The volunteers include eight board members who commit to working — two members each Friday, Saturday, Sunday and Monday night — as well as community volunteers and civic organizations.
Revenue comes mainly from the box office and concession sales.
“You don’t make a lot of money on ticket sales,” Wells said. “Mainly from concessions and pre-show advertising. But we’re not trying to make money; we’re just trying to cover our costs.”
The theater does take donations and has received memorials in the past.
Recently, the Russell County Area Community Foundation provided funds to put in closed-captioning equipment and new handrails. It also helped pay for a portion of the new carpet.
The new carpet that was installed in November is an exact recreation of the original 1949 carpet.
“We went to Myers Furniture down the street and looked at some new options, and they just weren’t right for this art deco building,” Wells said.
They sent a sample of the original carpet from the basement to a mill in Dalton, Ga., and they recreated the original style and color.
All of the woodwork, light fixtures and ironwork are original. Even the original box office is used to sell tickets.
Since 2000, other improvements include all new seats — 254 of them — including five luxury seats, new carpet, handrails, renovations to the marquee, new sound cloth on the walls of the theater and the theater upgraded to digital projection and 3D capabilities.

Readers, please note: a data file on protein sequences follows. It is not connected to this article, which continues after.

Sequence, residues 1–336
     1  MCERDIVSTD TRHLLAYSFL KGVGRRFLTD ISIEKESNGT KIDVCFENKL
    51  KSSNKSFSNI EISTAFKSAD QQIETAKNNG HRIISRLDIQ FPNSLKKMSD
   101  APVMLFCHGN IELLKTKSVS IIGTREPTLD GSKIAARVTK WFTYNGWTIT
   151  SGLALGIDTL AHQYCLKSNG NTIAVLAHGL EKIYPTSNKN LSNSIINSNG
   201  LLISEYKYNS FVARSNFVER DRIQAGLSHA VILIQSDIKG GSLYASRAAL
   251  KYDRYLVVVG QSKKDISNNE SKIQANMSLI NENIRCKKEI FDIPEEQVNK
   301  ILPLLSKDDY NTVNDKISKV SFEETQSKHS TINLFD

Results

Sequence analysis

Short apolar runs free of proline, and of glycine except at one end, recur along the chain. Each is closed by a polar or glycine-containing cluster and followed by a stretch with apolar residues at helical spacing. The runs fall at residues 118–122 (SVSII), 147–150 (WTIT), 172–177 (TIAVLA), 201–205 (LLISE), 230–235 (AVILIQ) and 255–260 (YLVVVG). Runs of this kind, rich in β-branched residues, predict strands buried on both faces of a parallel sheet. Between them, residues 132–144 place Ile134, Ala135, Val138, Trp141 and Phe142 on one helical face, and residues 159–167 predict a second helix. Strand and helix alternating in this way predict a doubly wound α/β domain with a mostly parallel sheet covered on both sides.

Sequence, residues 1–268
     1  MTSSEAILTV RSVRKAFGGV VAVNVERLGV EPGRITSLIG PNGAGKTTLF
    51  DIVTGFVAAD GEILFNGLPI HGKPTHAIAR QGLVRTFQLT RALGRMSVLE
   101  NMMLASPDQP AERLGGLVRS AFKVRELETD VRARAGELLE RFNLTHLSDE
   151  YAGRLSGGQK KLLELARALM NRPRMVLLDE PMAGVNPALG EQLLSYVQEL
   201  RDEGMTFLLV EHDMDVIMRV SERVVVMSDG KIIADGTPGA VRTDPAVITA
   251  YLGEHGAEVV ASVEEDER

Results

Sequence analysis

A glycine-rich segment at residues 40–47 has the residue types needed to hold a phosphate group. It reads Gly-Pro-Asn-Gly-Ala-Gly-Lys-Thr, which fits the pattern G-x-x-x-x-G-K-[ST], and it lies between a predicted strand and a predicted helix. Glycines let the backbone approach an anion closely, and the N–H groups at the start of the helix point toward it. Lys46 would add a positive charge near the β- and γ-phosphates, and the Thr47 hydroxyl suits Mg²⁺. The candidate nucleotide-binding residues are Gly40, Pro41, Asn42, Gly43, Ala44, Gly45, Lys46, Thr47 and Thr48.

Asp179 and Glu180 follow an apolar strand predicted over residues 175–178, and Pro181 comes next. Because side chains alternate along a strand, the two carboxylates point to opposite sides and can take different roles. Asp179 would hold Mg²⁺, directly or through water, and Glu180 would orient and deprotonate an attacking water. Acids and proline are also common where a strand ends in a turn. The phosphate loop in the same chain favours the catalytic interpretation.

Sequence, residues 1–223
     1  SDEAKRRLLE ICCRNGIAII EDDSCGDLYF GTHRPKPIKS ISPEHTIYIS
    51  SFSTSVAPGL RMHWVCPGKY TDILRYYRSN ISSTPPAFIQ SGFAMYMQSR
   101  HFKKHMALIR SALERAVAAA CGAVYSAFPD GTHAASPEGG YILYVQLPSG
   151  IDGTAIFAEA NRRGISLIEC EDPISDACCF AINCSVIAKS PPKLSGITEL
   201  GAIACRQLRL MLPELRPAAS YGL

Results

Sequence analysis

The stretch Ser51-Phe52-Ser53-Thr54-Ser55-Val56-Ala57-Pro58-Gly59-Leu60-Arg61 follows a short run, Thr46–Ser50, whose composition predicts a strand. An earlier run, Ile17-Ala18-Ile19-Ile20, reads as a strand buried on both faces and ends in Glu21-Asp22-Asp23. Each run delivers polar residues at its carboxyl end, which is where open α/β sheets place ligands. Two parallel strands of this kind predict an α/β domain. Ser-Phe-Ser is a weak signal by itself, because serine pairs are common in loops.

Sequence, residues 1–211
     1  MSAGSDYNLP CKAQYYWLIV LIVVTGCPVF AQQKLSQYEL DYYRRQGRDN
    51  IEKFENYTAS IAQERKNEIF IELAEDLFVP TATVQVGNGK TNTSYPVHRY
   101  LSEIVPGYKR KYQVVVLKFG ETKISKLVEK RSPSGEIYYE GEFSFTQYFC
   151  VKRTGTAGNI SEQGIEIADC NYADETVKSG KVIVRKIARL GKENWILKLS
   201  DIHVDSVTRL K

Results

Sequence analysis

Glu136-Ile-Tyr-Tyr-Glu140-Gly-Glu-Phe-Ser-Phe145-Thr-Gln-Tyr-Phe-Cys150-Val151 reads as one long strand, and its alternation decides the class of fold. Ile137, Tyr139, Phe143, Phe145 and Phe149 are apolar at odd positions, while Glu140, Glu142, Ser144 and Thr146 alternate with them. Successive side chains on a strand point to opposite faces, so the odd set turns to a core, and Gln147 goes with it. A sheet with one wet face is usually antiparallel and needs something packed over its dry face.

“In fact, we went digital before Hays, Salina and Great Bend,” Wells said.
They also built a stage so the theater could be used for other community events. The Russell Arts Council recently hosted a “Russell’s Got Talent” community talent show Dec. 1 at the theater.
A non-denominational church, Olive Branch Chapel, is using the theater Wednesday nights and Sundays until they raise the funds to build their own worship space.
The space even has been rented out for weddings.
Scott and Jamie Schneider were married at the theater in May 2003.
“There were a couple reasons we chose the theater,” Scott Schneider said. “We thought it would be a unique location, and we used the screen to play a slideshow of our children.”
Schneider said the concession stand was open during the wedding, and guests were eating popcorn and slurping sodas as the Schneiders said their vows.